Learning Greek in later life

Do children learn Greek at school any more?  If not, where do undergraduates for classics degrees come from?

This question must have exercised the minds of academics at Oxford and Cambridge for some time.  State schools certainly don’t do such an ‘elitist’ subject, which leaves only the private schools.  Unless classics is to become the preserve of those with wealthy parents, something has to be done.

Liverpool University is running a summer school on 4-8th August this year.  It offers 5 days of “intensive tuition” to get a beginner to intermediate level, and is targetted at prospective undergraduates.  I wonder what it involves?  Could any of us go?

Most of us lead busy lives.  We all have much to do, livings to earn, and our space time is scarce.  Do people learn Greek in later life?  If so, how?


Lynne Brindley’s British Library — time for abolition?

I was scanning an English translation of an obscure Syriac chronicle today, of which the British Library had sold me a photocopy.  I was struck by the poor quality, considering the huge price they had charged. They had also kindly stamped their name on every page, and placed a copyright notice on the front, itself probably quite spurious.  The comparison with Google books struck me; free, extensive, easy, as compared to costly rubbish supplied in paper format only.

It’s been awhile since I looked at the BL site.  But it has not changed much!  Lots of money spent on web design, but no content.  And remember, ordinary British taxpayers fork out for this foolery — it isn’t free.

I then found their annual report, and their plans for 2007-8.  It’s like reading something from 1985.  The very idea of digitising the collection and making it available to the public doesn’t feature.  Instead there’s loads of bureaucrat-speak nonsense, all of it about enhancing the enjoyment of… the staff!

The report as a whole is clearly the output of some kind of cheap video tool, full of self-flattering video clips, but light on text.

I then found the management structure.  It was headed up by this Lynne Brindley, of whom I know nothing except that there has been no real progress towards making material available online while she has been Chief Executive.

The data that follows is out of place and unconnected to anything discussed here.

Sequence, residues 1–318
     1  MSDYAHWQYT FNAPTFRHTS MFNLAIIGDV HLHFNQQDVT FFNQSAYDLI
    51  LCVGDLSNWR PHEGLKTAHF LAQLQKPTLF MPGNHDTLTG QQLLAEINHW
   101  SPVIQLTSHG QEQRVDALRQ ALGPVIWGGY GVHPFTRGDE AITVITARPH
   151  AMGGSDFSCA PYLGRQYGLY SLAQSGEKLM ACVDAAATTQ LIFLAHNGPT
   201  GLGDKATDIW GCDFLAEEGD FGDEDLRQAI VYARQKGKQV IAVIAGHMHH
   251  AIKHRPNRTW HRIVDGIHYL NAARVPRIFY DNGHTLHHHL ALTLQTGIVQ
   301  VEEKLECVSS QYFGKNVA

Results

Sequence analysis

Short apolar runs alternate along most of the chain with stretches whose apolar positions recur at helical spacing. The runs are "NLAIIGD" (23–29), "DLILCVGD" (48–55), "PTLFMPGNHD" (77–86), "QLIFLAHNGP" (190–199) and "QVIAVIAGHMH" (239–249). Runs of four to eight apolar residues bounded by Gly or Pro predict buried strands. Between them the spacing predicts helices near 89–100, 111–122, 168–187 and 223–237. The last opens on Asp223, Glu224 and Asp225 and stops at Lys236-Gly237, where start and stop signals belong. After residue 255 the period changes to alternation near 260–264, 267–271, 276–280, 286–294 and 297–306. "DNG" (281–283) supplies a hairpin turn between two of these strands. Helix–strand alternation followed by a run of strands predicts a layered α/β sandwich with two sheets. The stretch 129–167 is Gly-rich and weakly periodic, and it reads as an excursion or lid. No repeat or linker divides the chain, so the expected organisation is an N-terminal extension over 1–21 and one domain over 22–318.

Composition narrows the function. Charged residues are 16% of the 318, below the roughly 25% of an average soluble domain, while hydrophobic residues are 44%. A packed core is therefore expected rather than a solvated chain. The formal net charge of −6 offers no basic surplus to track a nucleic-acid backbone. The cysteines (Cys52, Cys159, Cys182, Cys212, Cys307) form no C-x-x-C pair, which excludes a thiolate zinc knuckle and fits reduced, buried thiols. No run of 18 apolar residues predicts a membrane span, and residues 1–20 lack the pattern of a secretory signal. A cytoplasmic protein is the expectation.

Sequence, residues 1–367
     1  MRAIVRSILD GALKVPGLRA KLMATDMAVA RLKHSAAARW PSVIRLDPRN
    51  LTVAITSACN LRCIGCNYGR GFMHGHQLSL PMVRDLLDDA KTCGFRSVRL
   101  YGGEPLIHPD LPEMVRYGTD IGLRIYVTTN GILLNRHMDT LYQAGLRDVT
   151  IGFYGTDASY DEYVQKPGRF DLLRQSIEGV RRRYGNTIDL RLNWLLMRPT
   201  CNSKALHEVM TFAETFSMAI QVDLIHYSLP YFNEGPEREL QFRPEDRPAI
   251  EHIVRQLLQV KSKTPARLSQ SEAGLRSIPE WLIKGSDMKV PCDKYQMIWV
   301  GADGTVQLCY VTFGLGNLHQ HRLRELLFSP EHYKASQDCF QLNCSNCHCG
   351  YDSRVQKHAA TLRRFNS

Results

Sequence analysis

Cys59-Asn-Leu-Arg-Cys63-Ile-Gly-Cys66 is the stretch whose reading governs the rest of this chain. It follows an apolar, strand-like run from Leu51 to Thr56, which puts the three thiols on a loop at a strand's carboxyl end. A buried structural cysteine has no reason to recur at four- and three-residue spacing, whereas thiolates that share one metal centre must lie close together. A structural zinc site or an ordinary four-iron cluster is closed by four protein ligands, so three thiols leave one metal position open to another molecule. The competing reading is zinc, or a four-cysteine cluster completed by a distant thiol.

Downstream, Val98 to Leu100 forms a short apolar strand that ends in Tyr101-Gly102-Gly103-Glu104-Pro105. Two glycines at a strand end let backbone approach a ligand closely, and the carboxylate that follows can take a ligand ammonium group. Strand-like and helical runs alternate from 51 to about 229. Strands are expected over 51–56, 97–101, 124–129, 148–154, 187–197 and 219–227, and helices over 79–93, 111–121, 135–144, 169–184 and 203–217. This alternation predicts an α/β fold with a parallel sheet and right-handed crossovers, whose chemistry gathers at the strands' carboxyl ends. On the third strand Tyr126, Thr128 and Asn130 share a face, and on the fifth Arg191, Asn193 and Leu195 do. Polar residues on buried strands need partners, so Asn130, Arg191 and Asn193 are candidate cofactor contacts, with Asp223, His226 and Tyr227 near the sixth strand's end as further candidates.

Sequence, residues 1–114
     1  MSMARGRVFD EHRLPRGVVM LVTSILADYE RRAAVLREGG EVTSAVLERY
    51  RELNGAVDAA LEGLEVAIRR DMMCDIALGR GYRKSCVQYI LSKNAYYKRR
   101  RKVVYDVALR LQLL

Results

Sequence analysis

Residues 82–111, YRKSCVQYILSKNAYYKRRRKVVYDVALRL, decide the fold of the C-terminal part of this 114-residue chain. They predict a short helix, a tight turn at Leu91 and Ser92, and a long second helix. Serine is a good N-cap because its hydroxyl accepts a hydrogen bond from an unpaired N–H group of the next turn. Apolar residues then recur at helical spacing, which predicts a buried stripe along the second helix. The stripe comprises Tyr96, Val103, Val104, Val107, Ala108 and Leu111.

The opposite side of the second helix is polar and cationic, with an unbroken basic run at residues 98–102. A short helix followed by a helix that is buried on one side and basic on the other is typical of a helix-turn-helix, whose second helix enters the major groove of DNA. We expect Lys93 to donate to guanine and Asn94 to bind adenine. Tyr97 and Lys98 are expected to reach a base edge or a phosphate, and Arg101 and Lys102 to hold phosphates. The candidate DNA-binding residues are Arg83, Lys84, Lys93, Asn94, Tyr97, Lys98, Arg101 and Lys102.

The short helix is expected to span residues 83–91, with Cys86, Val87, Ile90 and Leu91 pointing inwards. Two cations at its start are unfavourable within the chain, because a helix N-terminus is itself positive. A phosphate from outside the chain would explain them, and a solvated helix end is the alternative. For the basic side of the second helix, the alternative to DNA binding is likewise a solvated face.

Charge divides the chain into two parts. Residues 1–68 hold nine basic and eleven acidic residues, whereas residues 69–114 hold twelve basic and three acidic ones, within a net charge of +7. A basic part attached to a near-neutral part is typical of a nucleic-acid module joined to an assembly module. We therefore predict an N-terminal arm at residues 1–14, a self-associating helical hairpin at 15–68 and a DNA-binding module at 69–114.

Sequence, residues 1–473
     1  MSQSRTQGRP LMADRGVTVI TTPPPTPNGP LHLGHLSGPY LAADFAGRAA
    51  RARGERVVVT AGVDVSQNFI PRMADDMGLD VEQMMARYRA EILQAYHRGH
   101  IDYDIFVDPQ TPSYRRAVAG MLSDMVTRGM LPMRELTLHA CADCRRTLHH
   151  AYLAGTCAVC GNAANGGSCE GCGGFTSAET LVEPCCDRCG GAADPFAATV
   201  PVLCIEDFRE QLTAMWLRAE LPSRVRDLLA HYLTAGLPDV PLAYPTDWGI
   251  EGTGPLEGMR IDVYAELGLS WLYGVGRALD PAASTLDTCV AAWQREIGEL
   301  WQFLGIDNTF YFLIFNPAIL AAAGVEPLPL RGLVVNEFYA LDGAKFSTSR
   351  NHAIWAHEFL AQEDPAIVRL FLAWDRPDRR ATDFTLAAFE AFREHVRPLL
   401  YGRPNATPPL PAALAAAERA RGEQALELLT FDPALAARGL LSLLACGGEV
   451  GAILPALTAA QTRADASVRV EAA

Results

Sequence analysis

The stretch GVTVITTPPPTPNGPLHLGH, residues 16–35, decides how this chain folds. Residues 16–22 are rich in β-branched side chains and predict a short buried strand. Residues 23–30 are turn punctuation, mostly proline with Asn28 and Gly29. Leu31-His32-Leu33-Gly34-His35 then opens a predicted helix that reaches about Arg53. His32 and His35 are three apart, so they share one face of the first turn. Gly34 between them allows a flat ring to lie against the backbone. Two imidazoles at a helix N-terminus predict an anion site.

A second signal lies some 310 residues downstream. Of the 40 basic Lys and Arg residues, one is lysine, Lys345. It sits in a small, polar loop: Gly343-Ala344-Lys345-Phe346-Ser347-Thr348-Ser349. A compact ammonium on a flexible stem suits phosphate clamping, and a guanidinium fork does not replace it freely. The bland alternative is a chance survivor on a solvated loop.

A list of the roles of her direct reports tells its own story about priorities — “Finance and Coporate Services”; “Strategic Marketing & Communications”; “Human Resources”; “e-Strategy and Information Systems”, which is about keeping their PC’s working, not about delivering content to us; “Scholarship and Collections”, at long last; “Operations and Services”. 

Only two of those 6 have any respectable claim to be priorities of this organisation. Nowhere in the whole report could I find any indication of any intention to serve the 99% of the population who do not work in the British Library or its immediate vicinity.

Surely the time has come to ask why we, as taxpayers, fund this organisation?  What, specifically, does it deliver of benefit to the population of the UK?  It seems to concentrate on its own staff. 

The internet exists.  We’re all using Google books.  The catalogues of the Syriac mss are online — although not at the BL, of course! Brigham Young University did it instead.  But the BL ignores it all.

Lynne Brindley needs to be sacked.  Her reign has been a catalogue of wasted opportunities to develop a truly National library, in the way that the French National Library have done.  The British Library needs reform, or else abolition.  After all, if it is not useful to us all, why pay for it?


How much would it cost to translate all of Migne’s Patrologia Graeca?

I was imagining myself a billionaire again last night.  Sadly I awoke to poverty as usual.  But then I saw this post on Archaic Christianity about Migne.  It started me thinking about what I would do with all my billions.

I think that I would probably fund a complete translation of the PG volumes, just as they stand, and make them freely available online in English.   So what would that cost, exactly?

I calculate that at 10c a word of Greek, it would cost $20 per column, and most volumes have 1000 columns.  So a volume should cost $10,000 to translate. 

Now there are 220 odd volumes in the PG, so that would cost $2.2m, or thereabouts.   That’s not really a lot, is it?

Even if we doubled it, at $5m to translate all of this into English, it still wouldn’t be a lot, would it? 

Is there anyone out there with a spare $5m?